The Australian aboriginal tribes are an ancient and diverse group of people who inhabited the Australian mainland and outback thousands of years before settlers arrived. Their culture and traditions have been the subject of substantial academic investigation ranging from archeological study to sociology. The story of aboriginal people in many ways mirrors that of other indigenous peoples across the world with loss of life and resources at the hands of settlers, but this often overshadows the rich heritage of aboriginals themselves.
A genome study of aboriginal tribes found common genetic ancestry indicating a distinct population in Australia dating 50,000 years into the past. The current theory proposes that the first aboriginals arrived to Australia from Africa using primitive boats, making them the oldest distinct population of humans living outside of Africa.
In spite of their common origins, Australian aboriginal tribes are a diverse group. Today there are 20 different indigenous languages still spoken by aboriginal peoples, but investigations suggest that there were over 250 different languages before the colonists arrived. From these diverse languages, over 400 words were incorporated into the Australian lexicon, including ‘koala,’ ‘wombat,’ and ‘boomerang.’
In describing the aboriginal spiritual belief systems, Francis Gillen coined the term “dreamtime” to refer to aboriginal spiritual traditions. However, the term has been disputed as a mistranslation of the indigenous word “alcheringa,” which may have a closer translation in “eternal, uncreated.” The spiritual practices of aboriginal tribes vary by location across Australia, but the concept of dreamtime usually refers to a timeless plane of existence with a continuous chain between all people and their ancestors stretching from the creation of the earth into the future.
Aboriginal tribes did not develop written words, and because of this transferred much of their history and teaching between generations with their art. Rock art and ochre pigments were common mediums among ancient tribes, which depicted colorful images with rich iconography to convey stories about ancestry, spirituality and morality. There are still places around Australia where these works have withstood time and can be observed.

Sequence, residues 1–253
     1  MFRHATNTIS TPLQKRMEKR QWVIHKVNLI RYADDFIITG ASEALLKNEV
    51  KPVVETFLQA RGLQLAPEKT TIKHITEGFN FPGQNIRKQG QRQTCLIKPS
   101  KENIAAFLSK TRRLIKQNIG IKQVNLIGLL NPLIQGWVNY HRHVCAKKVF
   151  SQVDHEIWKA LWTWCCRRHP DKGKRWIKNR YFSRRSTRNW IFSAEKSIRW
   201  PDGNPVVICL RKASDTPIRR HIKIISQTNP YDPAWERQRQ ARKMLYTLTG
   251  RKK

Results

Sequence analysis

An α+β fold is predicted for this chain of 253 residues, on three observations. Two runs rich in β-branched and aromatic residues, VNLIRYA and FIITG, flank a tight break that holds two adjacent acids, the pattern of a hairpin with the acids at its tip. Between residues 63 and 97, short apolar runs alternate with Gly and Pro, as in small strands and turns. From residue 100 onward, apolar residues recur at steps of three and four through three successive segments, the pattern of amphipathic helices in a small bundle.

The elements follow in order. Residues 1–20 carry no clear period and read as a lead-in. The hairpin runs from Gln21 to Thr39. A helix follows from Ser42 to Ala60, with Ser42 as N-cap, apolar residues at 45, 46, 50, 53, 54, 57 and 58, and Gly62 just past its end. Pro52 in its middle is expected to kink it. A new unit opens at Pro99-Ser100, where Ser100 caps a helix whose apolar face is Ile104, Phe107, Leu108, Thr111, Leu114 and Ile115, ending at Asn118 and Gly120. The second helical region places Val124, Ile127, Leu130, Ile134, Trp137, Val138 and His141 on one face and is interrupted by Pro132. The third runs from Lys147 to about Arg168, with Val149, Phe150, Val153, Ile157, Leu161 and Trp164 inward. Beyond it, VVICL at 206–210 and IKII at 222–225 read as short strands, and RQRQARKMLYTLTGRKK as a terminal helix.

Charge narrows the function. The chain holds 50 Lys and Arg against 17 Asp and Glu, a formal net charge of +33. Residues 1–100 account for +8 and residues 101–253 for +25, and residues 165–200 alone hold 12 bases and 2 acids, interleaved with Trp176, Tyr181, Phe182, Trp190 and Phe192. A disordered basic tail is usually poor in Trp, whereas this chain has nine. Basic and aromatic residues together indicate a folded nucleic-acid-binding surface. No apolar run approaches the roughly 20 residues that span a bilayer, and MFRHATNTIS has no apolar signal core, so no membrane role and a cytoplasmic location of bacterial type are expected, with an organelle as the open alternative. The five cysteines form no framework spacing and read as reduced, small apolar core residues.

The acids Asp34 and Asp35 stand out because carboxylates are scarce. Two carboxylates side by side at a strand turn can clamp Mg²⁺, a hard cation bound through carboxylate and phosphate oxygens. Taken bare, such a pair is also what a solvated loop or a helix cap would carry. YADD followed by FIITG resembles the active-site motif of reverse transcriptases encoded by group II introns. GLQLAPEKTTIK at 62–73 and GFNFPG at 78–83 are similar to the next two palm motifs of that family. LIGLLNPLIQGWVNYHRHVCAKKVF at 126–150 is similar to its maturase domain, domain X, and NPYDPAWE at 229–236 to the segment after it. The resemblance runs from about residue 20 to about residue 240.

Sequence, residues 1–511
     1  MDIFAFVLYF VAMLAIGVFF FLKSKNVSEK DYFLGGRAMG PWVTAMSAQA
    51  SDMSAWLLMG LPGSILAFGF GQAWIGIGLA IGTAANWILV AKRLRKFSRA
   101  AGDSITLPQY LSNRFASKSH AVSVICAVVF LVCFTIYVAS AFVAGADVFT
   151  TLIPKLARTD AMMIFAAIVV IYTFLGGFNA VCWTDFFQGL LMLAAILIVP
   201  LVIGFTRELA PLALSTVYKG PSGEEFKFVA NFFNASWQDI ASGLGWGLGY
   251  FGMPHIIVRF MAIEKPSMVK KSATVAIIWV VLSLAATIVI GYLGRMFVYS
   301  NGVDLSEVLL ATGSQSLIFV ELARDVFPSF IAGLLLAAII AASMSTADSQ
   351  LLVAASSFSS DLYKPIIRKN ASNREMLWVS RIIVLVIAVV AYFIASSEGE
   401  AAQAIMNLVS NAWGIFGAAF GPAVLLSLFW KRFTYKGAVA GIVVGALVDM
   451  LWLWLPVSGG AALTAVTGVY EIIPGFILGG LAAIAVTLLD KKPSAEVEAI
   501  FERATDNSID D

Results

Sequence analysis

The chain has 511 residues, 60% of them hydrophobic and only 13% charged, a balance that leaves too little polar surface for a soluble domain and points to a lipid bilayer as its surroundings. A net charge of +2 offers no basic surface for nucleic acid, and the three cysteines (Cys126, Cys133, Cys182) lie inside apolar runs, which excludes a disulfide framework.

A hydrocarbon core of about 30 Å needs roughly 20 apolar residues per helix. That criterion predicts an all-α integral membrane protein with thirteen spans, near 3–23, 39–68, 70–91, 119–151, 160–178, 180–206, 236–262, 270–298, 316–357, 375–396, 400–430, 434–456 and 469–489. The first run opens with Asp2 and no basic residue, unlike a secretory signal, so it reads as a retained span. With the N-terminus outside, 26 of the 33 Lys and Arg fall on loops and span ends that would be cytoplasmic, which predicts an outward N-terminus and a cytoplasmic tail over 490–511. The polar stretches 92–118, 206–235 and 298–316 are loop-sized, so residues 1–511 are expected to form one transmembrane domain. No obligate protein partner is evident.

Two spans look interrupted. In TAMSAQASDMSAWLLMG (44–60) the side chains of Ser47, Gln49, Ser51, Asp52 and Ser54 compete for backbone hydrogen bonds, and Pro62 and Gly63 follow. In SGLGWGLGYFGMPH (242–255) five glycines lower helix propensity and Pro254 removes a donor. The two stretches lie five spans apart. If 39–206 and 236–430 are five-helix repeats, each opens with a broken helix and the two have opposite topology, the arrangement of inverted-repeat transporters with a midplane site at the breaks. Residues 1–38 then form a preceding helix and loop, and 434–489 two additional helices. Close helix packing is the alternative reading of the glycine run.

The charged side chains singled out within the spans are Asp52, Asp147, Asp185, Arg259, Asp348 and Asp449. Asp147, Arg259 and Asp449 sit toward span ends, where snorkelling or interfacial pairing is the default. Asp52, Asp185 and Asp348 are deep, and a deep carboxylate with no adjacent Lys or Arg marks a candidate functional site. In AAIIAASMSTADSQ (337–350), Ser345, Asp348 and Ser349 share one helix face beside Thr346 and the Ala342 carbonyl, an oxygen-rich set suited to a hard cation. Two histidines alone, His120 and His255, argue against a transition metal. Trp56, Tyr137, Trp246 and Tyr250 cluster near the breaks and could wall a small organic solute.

Harnessing the Flame
Aboriginal tribes used fire for a variety of functional applications. Some of these uses included agriculture application in order to enrich soil for the growth of natural fauna for the purpose of attracting prey. Some tribes also used controlled burns in a similar way to the modern practice in order to prevent large-scale, devastating bush fires.
Contact with European settlers was deadly for the aboriginal tribes. The number of violent deaths at the hands of settlers is still a topic of investigation and controversy, but the most significant contribution to loss of life were expulsion from inhabitable territories and disease. Without resistance or medicine, aboriginal populations were devastated by smallpox, measles, and influenza brought by the European settlers, particularly in dense groups. Population estimates place the number of aboriginal people inhabiting Australia at 750,000 in 1788 to just 93,000 in 1900.
The Modern Condition
Eighty percent of present-day aboriginal people live in major Australian cities, not the Outback. The long history of violence and discrimination toward aboriginal peoples has left them disadvantaged in indicators of health, education, and employment. In the face of continued discrimination, aboriginal groups continue to campaign for awareness, equitable treatment, and reparations. A recent landmark ruling of the Australian high court granted the Ngaliwurru and Nungali tribes the right to sue for colonial land loss, entitling them to several billion dollars worth of compensations.